[an error occurred while processing this directive]
Review CornerSoftware
Reader Rabbit Playtime for Baby and Toddler
Rating: five stars
The Bottom Line
With virtually errorless activities and two ways to play, this package is the perfect software introduction to both the computer and the computer mouse. Two full-version titles—one for babies and the other for toddlers—are included. Both titles are friendly and cute enough to charm both children and caregivers.
Award of Excellence
Ages: 9-24 months   Subject: Early Learning  Brand: The Learning Company
Review Sections: Product Overview  Entertainment Value  Technically Speaking  Design  Skills Covered  Replayability  Educational Value  Dollar Value
 
 
Reader Rabbit Playtime for Baby and Toddler Product Overview
If you're looking to introduce your young child to the computer and computer mouse, you won't go wrong with this package that bundles two excellent full-version programs, previously released as Reader Rabbit Playtime for Baby and Reader Rabbit Toddler.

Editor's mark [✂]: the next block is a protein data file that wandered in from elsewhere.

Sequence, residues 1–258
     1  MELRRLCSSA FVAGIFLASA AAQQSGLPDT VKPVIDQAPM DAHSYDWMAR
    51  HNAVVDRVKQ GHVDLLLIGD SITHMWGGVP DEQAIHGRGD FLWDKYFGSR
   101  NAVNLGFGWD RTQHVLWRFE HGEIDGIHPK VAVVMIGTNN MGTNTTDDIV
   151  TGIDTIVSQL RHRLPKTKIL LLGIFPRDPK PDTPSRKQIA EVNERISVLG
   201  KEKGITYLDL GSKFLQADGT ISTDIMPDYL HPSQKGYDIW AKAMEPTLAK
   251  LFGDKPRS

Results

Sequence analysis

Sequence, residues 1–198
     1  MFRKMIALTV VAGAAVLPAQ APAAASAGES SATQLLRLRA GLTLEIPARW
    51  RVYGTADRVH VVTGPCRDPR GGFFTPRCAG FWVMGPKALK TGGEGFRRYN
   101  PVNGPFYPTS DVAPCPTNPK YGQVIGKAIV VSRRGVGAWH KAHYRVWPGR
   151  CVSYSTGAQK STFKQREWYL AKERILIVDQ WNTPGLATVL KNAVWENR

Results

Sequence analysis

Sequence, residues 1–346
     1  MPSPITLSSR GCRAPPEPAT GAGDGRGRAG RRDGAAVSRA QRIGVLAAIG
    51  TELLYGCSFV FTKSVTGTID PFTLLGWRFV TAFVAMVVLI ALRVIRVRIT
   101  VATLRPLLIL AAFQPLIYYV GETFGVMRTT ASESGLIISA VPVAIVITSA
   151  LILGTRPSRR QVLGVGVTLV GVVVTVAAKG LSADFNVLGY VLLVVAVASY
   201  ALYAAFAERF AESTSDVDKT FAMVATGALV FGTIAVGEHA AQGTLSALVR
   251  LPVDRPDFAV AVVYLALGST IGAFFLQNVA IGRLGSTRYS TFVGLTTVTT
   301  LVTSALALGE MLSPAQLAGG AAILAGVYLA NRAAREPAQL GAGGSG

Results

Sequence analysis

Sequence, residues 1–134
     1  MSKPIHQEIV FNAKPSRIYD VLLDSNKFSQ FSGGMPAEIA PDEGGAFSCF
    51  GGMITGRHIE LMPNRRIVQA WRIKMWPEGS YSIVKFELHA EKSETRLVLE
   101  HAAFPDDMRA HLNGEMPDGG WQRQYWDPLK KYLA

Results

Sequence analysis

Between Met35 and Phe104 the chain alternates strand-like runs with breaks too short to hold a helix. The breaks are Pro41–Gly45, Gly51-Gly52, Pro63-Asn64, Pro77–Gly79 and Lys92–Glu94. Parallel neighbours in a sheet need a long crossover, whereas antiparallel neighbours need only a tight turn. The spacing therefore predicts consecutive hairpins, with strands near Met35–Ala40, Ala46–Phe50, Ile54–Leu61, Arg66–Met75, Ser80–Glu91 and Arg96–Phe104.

Both programs feature a smart system in which tots can interact either by tapping random keys on the keyboard or by swiping the mouse without the need to click. The cursor is a chubby star that fills with smaller stars when it hovers for a moment over a "clickable". Reader Rabbit and Mat the Mouse are guides in these bright and colorful worlds.

In the CD-ROM designed for children ages 9-24 months, Reader Rabbit Playtime for Baby, Mat the Mouse finds herself in a playchest surrounded by ten toys. Each toy leads to an activity, the cutest of which is a virtual shape sorter. In this standout activity, kids move one of three given basic shapes (such as a circle, triangle, and star) over the slots at the top of a curved track. When the shape is close enough to the correctly shaped opening, it is pulled in and then makes its way down the track. See our full (review) of this program.